Scald the remaining milk-substitute in a pot on the stove. “Scald” just means heat it on medium-high until right before it boils. You don’t want to burn it; that would be “scorching” it. I used to get those two terms mixed up. Then take it off the heat.

Pour the milk-substitute very slowly over the yolk mixture, mixing constantly. The best way to do this is to have one person pour the hot liquid while the other one stirs, but if it’s just you, you can just pour a little on, stir stir stir, pour a little on, stir stir stir. The reason you want to mix them very slowly is that if you just dump a lot of hot liquid onto the yolks, they will cook, and you’ll get scrambled eggs. If this happens, you might still choose to eat it (as I once did), but it’s very disappointing — trust me.

Now, take the yolk/liquid mixture and pour it back into your saucepan. This is where the work comes in! Whisk it constantly over medium heat until it comes to a boil and thickens suddenly.

Some important notes:

(1) Why must you whisk constantly? Because if you don’t, it will either burn, which will ruin it completely, or it will (again), turn into scrambled eggs, which will also pretty much ruin it, though it’s still edible if your standards are low, like mine. This is also why you should have your rubber spatula in hand to periodically scrape the sides and bottom, otherwise those parts will cook or burn in a way we don’t want.

(2) How will you know when it comes to a boil and thickens suddenly? It will boil (bubbles will form, pop, pop, pop), and then it will really, truly thicken, and become like custard/pudding. It’s exciting when this happens! How long it takes depends on your ingredients, your stove, and I don’t know what else. Sometimes for me, it’s just a few minutes, and sometimes it seems like it takes forever. (It takes longer if you, a chronically ill, fatigued person, do it, than if a healthy, energetic person does it. That’s been scientifically proven.)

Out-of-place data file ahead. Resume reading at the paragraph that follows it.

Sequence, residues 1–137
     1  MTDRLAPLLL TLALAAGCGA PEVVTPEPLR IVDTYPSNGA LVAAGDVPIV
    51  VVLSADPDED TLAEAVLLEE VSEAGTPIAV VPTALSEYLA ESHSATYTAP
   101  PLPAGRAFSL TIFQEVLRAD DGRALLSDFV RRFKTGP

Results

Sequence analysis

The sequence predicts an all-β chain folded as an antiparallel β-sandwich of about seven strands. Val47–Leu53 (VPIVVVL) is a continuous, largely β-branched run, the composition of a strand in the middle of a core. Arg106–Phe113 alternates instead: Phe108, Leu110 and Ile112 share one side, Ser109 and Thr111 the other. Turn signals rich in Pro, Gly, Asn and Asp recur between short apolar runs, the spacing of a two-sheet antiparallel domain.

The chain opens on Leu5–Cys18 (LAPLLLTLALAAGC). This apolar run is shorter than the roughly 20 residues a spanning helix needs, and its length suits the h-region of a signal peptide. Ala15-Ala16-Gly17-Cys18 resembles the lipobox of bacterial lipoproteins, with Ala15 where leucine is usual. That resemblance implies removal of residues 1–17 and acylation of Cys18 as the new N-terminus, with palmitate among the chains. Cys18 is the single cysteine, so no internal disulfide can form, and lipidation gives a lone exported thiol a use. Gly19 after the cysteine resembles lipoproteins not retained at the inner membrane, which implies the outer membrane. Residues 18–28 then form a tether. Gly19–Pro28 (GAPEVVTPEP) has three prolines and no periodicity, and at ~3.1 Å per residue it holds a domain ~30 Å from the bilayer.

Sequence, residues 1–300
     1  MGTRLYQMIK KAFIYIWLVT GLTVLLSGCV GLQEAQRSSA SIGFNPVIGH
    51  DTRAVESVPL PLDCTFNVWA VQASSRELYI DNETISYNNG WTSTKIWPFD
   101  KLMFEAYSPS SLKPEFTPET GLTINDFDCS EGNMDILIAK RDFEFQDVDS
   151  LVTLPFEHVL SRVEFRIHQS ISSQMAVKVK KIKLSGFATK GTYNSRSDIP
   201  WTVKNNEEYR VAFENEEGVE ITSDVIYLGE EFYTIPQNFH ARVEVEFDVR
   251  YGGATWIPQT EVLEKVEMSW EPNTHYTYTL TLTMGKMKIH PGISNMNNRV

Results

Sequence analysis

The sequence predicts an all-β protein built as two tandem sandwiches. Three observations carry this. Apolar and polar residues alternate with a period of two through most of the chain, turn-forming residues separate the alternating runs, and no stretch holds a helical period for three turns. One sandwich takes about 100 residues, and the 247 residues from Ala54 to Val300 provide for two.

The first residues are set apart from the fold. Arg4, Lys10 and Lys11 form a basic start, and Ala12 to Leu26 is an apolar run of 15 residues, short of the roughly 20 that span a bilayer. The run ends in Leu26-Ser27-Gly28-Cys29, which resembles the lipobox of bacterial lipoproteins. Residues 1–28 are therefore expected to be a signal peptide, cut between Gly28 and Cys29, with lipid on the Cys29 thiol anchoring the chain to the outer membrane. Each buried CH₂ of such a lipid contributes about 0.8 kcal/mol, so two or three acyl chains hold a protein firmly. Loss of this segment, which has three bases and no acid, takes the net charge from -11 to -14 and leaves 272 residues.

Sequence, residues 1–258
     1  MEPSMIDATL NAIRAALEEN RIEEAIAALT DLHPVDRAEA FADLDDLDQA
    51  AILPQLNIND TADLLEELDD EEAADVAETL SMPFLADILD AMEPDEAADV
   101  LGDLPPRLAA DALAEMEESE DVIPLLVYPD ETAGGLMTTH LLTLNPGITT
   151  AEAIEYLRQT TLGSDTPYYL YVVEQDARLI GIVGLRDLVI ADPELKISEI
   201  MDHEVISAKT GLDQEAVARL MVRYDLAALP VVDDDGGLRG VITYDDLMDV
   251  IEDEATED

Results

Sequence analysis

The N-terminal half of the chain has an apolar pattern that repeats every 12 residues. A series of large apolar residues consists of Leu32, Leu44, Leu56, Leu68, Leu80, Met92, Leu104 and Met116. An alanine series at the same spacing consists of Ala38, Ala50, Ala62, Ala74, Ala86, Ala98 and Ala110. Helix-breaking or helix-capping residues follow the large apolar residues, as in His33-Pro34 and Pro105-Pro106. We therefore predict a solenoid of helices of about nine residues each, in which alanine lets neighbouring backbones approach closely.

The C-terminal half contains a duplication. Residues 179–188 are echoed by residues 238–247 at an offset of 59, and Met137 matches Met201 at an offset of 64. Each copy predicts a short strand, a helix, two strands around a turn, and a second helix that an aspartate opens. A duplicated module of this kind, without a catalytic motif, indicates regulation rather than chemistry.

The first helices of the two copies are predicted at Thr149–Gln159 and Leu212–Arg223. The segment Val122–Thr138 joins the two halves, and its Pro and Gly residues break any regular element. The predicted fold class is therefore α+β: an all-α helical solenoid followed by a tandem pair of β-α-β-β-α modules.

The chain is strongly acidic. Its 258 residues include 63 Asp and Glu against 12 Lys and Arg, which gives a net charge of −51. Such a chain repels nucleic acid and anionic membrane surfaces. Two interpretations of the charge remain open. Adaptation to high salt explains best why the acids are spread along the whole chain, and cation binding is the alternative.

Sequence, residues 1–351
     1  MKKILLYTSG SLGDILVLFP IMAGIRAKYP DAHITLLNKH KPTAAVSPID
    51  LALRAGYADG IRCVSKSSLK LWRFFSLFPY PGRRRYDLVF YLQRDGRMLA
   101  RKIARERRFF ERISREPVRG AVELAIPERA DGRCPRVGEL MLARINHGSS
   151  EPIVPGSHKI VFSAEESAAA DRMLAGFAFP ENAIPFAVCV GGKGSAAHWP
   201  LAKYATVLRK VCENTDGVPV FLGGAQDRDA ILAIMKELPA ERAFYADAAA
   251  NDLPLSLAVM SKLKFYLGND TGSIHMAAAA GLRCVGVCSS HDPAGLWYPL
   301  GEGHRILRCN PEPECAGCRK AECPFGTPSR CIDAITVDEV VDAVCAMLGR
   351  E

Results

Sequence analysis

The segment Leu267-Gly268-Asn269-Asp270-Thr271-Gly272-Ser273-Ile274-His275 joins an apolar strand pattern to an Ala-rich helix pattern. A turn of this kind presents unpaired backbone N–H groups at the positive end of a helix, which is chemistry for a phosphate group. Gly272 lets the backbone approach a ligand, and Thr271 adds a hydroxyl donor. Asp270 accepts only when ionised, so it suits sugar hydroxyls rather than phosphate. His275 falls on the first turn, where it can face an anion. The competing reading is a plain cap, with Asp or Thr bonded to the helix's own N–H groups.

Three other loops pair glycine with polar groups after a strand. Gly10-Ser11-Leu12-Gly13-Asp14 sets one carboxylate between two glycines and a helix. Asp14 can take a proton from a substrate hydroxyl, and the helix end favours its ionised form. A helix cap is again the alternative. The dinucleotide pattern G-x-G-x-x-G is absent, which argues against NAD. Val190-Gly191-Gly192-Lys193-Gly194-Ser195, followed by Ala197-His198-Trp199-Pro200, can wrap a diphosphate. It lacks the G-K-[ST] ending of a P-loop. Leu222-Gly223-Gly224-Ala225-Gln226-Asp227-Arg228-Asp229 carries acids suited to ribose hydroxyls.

When the above magic occurs, reduce the heat to low and continue whisking constantly for two minutes. By that time, it should be really thick and custardy. If you’re not sure, keep whisking it on low for another minute or two.

Remove the pan from the burner and add your vanilla. Pour half of the custard back into your mixing bowl from whence it came. If you’re like me, you’ll actually pour a bit more than half into the mixing bowl, because this will become the chocolate custard part, which is my favorite part. Also, we’re going to do something that will increase the volume on the vanilla custard part, so using more for the chocolate part makes it more even.

Anyhoo, divvy it up however you want and then add your melted chocolate to the part that’s in the bowl. Once it’s all smoothly mixed in, pour it onto your baked, cooled pie crust. Smooth it over, set it aside.

Add the gelatin (which will have hardened into a little gelatenous glob) to the still-warm custard in the pot. Stir it until all the gelatin has melted. Set it aside.